Presentation on theme: "Chapter 8 Introduction to Hypothesis Testing"— Presentation transcript:
1 Chapter 8 Introduction to Hypothesis Testing PowerPoint Lecture Slides Essentials of Statistics for the Behavioral Sciences Eighth Edition by Frederick J. Gravetter and Larry B. Wallnau
2 Chapter 8 Learning Outcomes 1Understand logic of hypothesis testing2State hypotheses and locate critical region(s)3Conduct z-test and make decision4Define and differentiate Type I and Type II errors5Understand effect size and compute Cohen’s d6Make directional hypotheses and conduct one-tailed test
3 Tools You Will Need z-Scores (Chapter 5) Distribution of sample means (Chapter 7)Expected valueStandard errorProbability and sample means
4 8.1 Hypothesis Testing Logic Hypothesis testing is one of the most commonly used inferential proceduresDefinition: a statistical method that uses sample data to evaluate the validity of a hypothesis about a population parameter
5 Logic of Hypothesis Test State hypothesis about a populationPredict the expected characteristics of the sample based on the hypothesisObtain a random sample from the populationCompare the obtained sample data with the prediction made from the hypothesisIf consistent, hypothesis is reasonableIf discrepant, hypothesis is rejected
6 Figure 8.1 Basic Experimental Design FIGURE 8.1 The basic experimental situation for hypothesis testing. It is assumed that the parameter μ is known for the population before treatment. The purpose of the experiment is to determine whether the treatment has an effect on the population mean.
7 Figure 8.2 Unknown Population in Basic Experimental Design FIGURE 8.2 From the point of view of the hypothesis test, the entire population receives the treatment and then a sample is selected from the treated population. In the actual research study, a sample is selected from the original population and the treatment is administered to the sample. From either perspective, the result is a treated sample that represents the treated population.
8 Four Steps in Hypothesis Testing Step 1: State the hypotheses Step 2: Set the criteria for a decision Step 3: Collect data; compute sample statistics Step 4: Make a decision
9 Step 1: State Hypotheses Null hypothesis (H0) states that, in the general population, there is no change, no difference, or is no relationshipAlternative hypothesis (H1) states that there is a change, a difference, or there is a relationship in the general population
10 Step 2: Set the Decision Criterion Distribution of sample outcomes is dividedThose likely if H0 is trueThose “very unlikely” if H0 is trueAlpha level, or significance level, is a probability value used to define “very unlikely” outcomesCritical region(s) consist of the extreme sample outcomes that are “very unlikely”Boundaries of critical region(s) are determined by the probability set by the alpha level
11 Figure 8.3 Note “Unlikely” Parts of Distribution of Sample Means FIGURE 8.3 The set of potential samples is divided into those that are likely to be obtained and those that are very unlikely to be obtained if the null hypothesis is true.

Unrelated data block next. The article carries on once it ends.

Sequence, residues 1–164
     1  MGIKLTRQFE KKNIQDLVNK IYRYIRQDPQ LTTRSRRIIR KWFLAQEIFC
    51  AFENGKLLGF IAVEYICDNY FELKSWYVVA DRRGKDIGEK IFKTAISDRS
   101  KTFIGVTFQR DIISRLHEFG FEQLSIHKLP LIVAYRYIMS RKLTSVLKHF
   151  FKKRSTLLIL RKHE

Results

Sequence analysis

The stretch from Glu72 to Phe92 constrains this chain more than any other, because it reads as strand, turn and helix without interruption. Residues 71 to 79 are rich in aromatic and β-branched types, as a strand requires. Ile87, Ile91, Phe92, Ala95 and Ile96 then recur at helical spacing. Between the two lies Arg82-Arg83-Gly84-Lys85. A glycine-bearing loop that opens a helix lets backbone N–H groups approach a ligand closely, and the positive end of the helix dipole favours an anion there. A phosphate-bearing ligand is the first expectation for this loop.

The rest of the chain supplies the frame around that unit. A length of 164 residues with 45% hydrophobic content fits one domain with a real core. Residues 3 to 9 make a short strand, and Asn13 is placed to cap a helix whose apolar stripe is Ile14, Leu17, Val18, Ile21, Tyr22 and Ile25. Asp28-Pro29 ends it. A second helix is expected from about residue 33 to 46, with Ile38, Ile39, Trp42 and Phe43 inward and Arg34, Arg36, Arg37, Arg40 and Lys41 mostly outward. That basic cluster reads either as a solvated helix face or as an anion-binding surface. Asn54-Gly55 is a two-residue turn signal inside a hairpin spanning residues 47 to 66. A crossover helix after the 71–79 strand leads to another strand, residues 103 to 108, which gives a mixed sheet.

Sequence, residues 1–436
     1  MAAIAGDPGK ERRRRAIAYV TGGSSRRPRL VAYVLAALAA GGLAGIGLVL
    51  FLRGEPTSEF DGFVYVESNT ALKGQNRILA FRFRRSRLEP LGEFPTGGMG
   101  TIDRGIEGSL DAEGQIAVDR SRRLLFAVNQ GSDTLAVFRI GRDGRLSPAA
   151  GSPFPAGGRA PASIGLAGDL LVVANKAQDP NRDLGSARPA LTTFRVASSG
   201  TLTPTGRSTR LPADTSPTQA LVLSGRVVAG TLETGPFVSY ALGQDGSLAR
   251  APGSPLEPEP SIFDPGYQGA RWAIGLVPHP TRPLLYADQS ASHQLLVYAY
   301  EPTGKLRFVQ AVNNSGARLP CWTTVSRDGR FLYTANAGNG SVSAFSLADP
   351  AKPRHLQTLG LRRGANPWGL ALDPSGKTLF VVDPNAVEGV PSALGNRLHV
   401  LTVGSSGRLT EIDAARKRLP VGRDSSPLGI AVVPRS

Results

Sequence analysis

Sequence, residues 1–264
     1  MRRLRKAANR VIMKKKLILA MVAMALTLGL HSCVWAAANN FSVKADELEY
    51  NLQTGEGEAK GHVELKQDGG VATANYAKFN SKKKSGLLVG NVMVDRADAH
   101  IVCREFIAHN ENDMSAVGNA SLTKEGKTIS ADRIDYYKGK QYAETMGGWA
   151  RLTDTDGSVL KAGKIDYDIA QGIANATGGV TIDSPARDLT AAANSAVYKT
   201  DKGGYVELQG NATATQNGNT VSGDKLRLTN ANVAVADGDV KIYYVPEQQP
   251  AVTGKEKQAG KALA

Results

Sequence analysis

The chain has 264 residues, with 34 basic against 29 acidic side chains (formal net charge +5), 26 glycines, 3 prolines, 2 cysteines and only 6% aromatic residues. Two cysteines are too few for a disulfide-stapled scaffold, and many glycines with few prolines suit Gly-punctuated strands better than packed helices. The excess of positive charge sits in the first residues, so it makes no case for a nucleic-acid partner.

12 Figure 8.4 Critical region(s) for α = .05 FIGURE 8.4 The critical region (very unlikely outcomes) for alpha = .05
13 Learning CheckA sports coach is investigating the impact of a new training method. In words, what would the null hypothesis say?AThe new training program produces different results from the existing oneBThe new training program produces results about like the existing oneCThe new training program produces better results than the existing oneDThere is no way to predict the results of the new training program
14 Learning Check - Answer A sports coach is investigating the impact of a new training method. In words, what would the null hypothesis say?AThe new training program produces different results from the existing oneBThe new training program produces results about like the existing oneCThe new training program produces better results than the existing oneDThere is no way to predict the results of the new training program
15 Learning CheckDecide if each of the following statements is True or False.T/FIf the alpha level is decreased, the size of the critical region decreasesThe critical region defines unlikely values if the null hypothesis is true
16 Learning Check - Answers TrueAlpha is the proportion of the area in the critical region(s)This is the definition of “unlikely”
17 Step 3: Collect Data (and…) Data always collected after hypotheses statedData always collected after establishing decision criteriaThis sequence assures objectivity
18 Step 3: (continued)… Compute Sample Statistics Compute a sample statistic (z-score) to show the exact position of the sampleIn words, z is the difference between the observed sample mean and the hypothesized population mean divided by the standard error of the mean
19 Step 4: Make a decisionIf sample statistic (z) is located in the critical region, the null hypothesis is rejectedIf the sample statistic (z) is not located in the critical region, the researcher fails to reject the null hypothesis
20 Jury Trial: Hypothesis Testing Analogy Trial begins with the null hypothesis “not guilty” (defendant’s innocent plea)Police and prosecutor gather evidence (data) relevant to the validity of the innocent pleaWith sufficient evidence against, jury rejects null hypothesis innocence claim to conclude “guilty”With insufficient evidence against, jury fails to convict, i.e., fails to reject the “not guilty” claim (but does not conclude defendant is innocent)